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Zilla Babbitt
22:39 Dec 09, 2020

Touche! Thanks, Scout :)

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Scout Tahoe
14:22 Dec 10, 2020

Of course.

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A.g. Scott
22:26 Dec 07, 2020

Bittersweet and overall very well-done. I actually disagree with Litlover, I think Marta as a character is well-developed given the space you had. She's that broken person, the one who slipped through the cracks... it'd be tough to go too deep, as some of that wonder about her would go away. I agree with you about Nico and Julie -- you demonstrate very well their care for Marta, but who they are as individuals is sorta forgotten. One of them even says something like, "why do we care so much?" p.s. shameless request for you to check ...

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Zilla Babbitt
22:18 Dec 09, 2020

Well, since Marta is the main character, I sure hope she has enough development! I'll be working on Nico and Julie for sure. They're almost boring as of right now. Maya is a person like Rick in "Your Poor Rick" -- slipped through the cracks, as you say. We all know too many of those people. Actually I stuck that question in there to sort of ask the question the reader might be asking: Why in the world do these two strangers care so much? I'll edit that part. Thanks!

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22:36 Dec 07, 2020

Yeah, I thought Marta was a beautifully done character, with both hopes and anxiety, sorrows and joys. She’s simple and yet complicated. Wise in her simple ignorance.

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Amaya Macaulay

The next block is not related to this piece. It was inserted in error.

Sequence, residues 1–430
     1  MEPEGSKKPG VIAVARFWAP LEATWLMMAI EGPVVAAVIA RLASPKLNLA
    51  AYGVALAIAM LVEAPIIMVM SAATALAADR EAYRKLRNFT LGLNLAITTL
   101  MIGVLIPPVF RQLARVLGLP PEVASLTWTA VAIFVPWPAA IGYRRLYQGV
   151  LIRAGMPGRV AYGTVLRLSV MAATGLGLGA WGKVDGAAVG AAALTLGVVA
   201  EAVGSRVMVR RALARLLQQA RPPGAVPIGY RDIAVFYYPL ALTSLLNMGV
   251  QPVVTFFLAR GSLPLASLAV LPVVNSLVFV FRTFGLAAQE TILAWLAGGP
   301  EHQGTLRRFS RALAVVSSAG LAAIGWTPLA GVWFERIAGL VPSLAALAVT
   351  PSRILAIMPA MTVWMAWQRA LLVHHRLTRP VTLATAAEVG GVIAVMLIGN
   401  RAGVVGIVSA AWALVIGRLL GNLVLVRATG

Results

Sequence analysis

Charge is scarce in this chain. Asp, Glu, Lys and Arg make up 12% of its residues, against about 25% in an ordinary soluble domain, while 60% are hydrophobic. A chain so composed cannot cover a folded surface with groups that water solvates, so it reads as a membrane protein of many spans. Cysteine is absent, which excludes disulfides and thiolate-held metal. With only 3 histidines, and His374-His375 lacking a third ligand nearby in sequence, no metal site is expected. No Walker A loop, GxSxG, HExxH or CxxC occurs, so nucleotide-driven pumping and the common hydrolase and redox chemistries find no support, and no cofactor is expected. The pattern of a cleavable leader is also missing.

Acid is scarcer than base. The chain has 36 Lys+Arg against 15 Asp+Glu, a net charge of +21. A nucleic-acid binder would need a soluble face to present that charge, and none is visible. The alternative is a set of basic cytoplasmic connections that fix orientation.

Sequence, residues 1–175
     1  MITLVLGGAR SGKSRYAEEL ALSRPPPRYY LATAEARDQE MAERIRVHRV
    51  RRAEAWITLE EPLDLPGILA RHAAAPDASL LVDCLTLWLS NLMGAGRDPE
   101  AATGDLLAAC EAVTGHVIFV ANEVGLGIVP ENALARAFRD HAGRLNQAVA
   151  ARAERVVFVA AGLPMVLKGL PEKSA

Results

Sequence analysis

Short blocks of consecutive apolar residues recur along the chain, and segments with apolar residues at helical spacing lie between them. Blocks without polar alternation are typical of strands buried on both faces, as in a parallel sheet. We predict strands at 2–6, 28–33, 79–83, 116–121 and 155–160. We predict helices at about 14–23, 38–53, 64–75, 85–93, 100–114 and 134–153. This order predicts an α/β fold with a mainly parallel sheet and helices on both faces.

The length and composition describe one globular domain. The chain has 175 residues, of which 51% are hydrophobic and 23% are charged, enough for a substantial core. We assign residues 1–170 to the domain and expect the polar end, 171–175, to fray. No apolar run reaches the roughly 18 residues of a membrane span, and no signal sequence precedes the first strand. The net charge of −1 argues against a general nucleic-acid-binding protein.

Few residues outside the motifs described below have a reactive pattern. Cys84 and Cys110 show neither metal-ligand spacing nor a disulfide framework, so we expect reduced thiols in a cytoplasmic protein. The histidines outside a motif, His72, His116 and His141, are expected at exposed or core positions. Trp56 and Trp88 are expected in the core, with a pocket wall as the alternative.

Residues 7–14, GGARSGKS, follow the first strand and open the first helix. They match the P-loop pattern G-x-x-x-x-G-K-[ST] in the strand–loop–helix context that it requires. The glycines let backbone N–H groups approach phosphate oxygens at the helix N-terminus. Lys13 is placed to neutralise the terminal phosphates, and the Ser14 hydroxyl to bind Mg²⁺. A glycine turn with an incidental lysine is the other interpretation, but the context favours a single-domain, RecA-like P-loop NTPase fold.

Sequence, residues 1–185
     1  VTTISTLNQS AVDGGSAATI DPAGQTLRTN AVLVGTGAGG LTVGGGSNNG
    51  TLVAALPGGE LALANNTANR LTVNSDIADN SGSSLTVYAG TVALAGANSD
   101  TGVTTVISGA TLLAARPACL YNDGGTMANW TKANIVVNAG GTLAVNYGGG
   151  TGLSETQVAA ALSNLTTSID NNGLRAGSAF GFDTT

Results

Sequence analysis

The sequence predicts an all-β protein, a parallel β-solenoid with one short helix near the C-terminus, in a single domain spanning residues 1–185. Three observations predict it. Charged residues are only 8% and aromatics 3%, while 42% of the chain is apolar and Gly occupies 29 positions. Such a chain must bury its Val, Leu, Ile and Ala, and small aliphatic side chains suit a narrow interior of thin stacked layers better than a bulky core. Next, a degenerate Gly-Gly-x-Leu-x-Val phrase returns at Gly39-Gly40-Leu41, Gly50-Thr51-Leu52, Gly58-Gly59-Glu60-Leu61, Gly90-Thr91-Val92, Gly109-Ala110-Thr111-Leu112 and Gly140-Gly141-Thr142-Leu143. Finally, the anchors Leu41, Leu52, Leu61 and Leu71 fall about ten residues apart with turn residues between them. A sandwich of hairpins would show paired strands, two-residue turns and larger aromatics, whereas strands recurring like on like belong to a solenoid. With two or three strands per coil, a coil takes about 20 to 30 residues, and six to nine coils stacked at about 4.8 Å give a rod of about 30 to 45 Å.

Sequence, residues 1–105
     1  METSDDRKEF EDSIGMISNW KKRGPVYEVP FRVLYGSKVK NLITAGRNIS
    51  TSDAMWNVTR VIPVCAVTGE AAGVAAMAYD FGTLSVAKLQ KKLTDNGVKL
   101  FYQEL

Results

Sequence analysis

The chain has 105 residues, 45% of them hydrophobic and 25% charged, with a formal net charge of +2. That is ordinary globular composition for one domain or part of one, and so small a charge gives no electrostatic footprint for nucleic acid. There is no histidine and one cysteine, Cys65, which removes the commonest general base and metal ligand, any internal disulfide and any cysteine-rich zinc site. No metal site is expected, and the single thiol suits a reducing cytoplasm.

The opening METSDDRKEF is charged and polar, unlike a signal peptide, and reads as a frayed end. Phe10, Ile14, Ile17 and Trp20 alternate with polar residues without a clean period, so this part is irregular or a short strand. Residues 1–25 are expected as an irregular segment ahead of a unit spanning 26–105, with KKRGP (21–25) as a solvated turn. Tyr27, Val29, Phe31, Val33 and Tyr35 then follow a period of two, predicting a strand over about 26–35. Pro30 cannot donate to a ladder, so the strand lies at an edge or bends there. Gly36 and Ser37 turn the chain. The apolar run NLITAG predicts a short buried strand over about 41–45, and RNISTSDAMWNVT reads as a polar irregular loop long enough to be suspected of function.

23:57 Dec 09, 2020

real talk now ZILLA WOW. I LOVE THE POEM/HYMN/SONG THING IN UR BIO. worth the wait. im rly impressed actually, like it's amazing.

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Zilla Babbitt
00:04 Dec 10, 2020

Thank you! The first draft was bad. But I worked hard on it. I'm better at modern poetry to be honest, with no meter and rhyme is optional. But I found this more satisfying in the end. Glad you liked it!

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Amaya Macaulay
00:13 Dec 10, 2020

i liked how this didn't give me the feel of someone trying to do old style poetry, it actually comes across as old style. if that makes sense.

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23:25 Dec 08, 2020

Love the poem in your bio.

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14:45 Dec 08, 2020

Just a random side note, I'm pretty sure I'm one of the only people who actually recognized the word triskaidekaphobic in your bio without needing to look it up--the phobias page in the Thesaurus is a fun place to hang out. :P I might be afraid of thirteen... or I might not be. You choose. ;)

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Zilla Babbitt
15:12 Dec 08, 2020

Oh yay! That is a fun word, one of the few phobia words I can remember. The only number I'm afraid of is zero. How come you can't divide anything by zero?? It haunts my dreams.

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15:20 Dec 08, 2020

Well, you CAN divide zero by zero. The answer is theoretically one, but theologically zero. Because while when you divide anything by itself, you always get one, zero groups of zero, is for all practical purposes, zero.

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Zilla Babbitt
21:30 Dec 08, 2020

Mathematicians refuse to say you can divide by zero. That's why philosophy is better XD. For example, 3/0. How many times can three go into zero? No times. Or, how many times can zero go into three? Either zero or three. So in my book the answer is either 0 or three.

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21:51 Dec 08, 2020

Indeed. Philosophy should trump math!

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15:21 Dec 08, 2020

Btw, I’m putting out a new story! I decided to try the bakery theft one. If I have enough time, it should be a decent story.

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Zilla Babbitt
21:30 Dec 08, 2020

Yesss.

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Amaya Macaulay
00:19 Dec 09, 2020

haha i literally saw it and IMMEDIATELY looked it up

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Zilla Babbitt
23:38 Dec 09, 2020

And now your vocabulary is that much bigger!

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Amaya Macaulay
23:45 Dec 09, 2020

yayyy!!

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22:34 Dec 07, 2020